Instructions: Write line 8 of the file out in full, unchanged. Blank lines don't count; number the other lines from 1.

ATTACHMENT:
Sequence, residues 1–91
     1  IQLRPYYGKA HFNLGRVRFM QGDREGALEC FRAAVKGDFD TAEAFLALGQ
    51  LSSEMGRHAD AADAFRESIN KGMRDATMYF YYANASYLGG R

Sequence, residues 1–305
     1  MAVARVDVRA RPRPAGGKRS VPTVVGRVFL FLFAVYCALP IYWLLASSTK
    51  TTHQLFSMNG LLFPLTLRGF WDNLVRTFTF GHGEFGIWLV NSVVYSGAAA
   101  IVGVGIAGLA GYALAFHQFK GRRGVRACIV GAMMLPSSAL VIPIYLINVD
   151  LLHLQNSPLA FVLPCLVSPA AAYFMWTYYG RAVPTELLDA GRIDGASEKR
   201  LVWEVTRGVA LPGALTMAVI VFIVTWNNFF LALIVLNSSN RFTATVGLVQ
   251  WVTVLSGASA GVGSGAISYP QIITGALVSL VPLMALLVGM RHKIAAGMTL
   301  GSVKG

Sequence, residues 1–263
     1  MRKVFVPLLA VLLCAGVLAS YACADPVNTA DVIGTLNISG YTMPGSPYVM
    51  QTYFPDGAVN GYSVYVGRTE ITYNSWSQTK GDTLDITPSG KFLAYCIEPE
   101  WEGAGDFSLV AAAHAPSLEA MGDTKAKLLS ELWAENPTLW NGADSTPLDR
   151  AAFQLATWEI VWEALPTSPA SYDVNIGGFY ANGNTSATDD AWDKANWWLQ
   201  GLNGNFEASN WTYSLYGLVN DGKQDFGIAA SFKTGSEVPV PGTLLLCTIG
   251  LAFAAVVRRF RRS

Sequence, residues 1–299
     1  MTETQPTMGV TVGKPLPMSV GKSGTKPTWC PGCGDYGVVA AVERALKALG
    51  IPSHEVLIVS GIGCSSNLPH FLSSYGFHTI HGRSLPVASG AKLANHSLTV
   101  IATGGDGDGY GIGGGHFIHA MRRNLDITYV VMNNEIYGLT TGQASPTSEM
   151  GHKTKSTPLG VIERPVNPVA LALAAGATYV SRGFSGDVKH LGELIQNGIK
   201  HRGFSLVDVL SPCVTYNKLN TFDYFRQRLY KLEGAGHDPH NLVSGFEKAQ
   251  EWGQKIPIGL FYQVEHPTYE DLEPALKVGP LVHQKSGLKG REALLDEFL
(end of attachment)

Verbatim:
   151  LLHLQNSPLA FVLPCLVSPA AAYFMWTYYG RAVPTELLDA GRIDGASEKR